This fort has many underground tunnels, some as long as 70 kms. They were designed and drilled that helped the Sultans escape. They were said to be connected to the Rajur town and many other places still unknown to us.

The Kalakot Entrance with the Underground Tunnels

Rock-cut Moats

The dangerous Moats

Crocodile and poisonous snake infested moats were made with several drawbridges. As soon as the enemy stepped on these bridges, they were unhooked throwing the rival into the moat.

40ft Deep-cut Moats infested with poisonous snakes & crocodiles

The Dark & Deadly Maze

Entry into the Labyrinth

This maze is a piece of exceptional strategic architecture. Archers would hide themselves in deep cut caves in the ceiling, so if torches were lit by enemies, they would be targeted. The tunnels are so deceptive that if the parties split in two and met head-on to fight amongst themselves due to the darkness. After all the trickery, if they got out alive, boiling oil was poured from above, killing them instantly.

The Eerie Maze

The everlasting trap the fort has crafted is stunning! The labyrinth, moats, bastions and scheme of the whole fortification is splendid! One of the best-preserved medieval forts in the world, it has a saga of numerous tales of splendor, betrayal, blood-shed.

Chand Minar

View of the Chand Minar from the Fort

My Journey into Sikkim

Sikkim - Land of Simplicity & Colour

Our country India is known for its diverse culture, topography, food, people, overall an existence of its own. Sometimes it makes me wonder, how one nation can accommodate so many virtues at the same time. I think we are very fortunate to be in a land which has so much to offer.

Hanuman Tok - Gangtok

In April 2009, I got a chance to visit this beautiful state of Sikkim surrounded by Tibet, now China, Bhutan and Nepal. Amidst the Himalayas, the state is no more than 7110 sq kms with winding hilly roads and beautiful people originating from Nepal & Tibet. I will not go much into the geographical details of the state because that is something we all can find on the internet. I would love to talk more about its people and the experience I had through those few days.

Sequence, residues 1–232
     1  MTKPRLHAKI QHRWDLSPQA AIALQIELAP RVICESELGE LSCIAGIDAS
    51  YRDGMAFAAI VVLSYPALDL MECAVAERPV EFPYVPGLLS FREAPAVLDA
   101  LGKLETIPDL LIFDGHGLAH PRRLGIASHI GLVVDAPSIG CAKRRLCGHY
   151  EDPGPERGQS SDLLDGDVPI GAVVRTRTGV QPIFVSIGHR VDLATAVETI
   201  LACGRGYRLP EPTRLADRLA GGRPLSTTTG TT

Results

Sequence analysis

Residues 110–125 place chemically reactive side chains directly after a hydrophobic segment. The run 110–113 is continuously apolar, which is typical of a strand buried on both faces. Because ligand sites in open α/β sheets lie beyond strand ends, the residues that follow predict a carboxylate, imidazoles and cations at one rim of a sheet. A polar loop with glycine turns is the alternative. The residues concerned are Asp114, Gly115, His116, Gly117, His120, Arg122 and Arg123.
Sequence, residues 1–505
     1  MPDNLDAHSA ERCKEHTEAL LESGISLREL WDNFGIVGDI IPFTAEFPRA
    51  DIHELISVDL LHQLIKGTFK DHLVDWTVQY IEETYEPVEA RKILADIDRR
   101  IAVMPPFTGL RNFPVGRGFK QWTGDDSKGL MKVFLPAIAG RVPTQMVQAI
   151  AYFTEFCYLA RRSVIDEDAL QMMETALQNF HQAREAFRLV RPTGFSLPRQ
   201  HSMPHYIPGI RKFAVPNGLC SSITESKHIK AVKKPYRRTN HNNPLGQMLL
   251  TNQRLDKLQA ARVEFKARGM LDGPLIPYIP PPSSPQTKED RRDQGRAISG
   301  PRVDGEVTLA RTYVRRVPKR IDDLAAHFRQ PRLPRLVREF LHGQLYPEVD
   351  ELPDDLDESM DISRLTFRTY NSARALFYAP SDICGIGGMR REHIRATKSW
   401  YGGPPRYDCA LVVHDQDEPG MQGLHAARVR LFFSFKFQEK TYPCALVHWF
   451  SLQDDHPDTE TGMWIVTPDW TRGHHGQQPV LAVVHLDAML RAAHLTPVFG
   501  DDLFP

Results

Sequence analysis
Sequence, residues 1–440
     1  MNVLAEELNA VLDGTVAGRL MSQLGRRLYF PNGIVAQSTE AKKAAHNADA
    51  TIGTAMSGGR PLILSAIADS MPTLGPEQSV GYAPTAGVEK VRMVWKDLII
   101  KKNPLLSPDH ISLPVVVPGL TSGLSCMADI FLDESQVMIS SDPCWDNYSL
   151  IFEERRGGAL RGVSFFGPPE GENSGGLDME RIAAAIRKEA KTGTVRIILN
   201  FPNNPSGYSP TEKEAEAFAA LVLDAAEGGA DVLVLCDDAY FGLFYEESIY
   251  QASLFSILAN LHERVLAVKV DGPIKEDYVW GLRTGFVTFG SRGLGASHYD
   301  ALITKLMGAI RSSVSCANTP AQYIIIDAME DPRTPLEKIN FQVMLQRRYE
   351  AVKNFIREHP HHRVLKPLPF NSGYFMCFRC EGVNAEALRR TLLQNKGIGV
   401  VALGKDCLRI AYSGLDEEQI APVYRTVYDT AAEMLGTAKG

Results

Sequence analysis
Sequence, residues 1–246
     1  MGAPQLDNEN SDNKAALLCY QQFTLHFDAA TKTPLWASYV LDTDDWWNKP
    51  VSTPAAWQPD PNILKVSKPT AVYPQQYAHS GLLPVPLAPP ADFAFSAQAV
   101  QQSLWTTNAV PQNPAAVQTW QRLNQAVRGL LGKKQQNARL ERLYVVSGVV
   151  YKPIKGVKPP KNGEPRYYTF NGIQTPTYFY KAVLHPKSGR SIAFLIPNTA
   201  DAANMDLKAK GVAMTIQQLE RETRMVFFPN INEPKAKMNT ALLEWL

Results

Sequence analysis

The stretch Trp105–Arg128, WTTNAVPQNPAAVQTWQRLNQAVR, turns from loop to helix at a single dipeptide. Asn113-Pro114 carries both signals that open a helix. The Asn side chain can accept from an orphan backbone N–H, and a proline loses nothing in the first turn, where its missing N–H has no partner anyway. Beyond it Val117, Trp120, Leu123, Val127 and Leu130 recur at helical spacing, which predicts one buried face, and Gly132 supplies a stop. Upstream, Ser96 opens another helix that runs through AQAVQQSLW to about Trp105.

To-be Lamas

Sikkim is heavily influenced by Tibet and its culture. Most of the people in Sikkim have direct origins from Tibet and have migrated to India in the last 100 years and more. The place is so surreal, untouched, spiritual and colourful that I couldn’t help but write about it. What touched me most here, in this little lost paradise is the simplicity, discipline, honestly and modestly of people. On our first day in Gangtok, we realised that people here are very shy and self-conscious. I wanted to know more about them, about their lifestyle and eating habits and everything that I could gather. Even though they seemed withdrawn, I did not stop asking my list of questions. Hence slowly and patiently, I realised and comprehended the life and living of the people of Sikkim.

Traffic regulations due to landslides

It all started with a small incident while we were on our way to Lachen, a little town up north of Sikkim. Since the state is still building up its infrastructure, the road conditions are unpleasant. To add to it, there are frequent landslides which hinder the transport to some extent. Coming back to our journey, we came across a huge landslide due to which there was traffic congestion on both sides and delay in our travel was unavoidable. After a while, the debris was cleared just to allow one car to pass at one time. According to the mountain traffic rules, the cars going uphill get the preference due to steep slopes and hardships of the windy roads. And hence the uphill going cars started their ascend slowly. Since we were descending we were waiting in queue for our turn. What astounded me here was the patience, and respect that was given to all the cars coming up. Not a single car blocked their way, instead made sure they get ample space to drive carefully. We waited till all the uphill cars passed giving them ease and time to clear the damaged section of the road. What kind of a scene would you see in Pune for that matter? People honking, pushing their way, clogging and creating so much nuisance to make the situation shoddier. Dodgy road conditions, delays and inconvenience did not one bit upset its people, they continued to respect what had to be respected in order to support the situation, not worsen it. That got me thinking, isn’t there so much to learn and comprehend?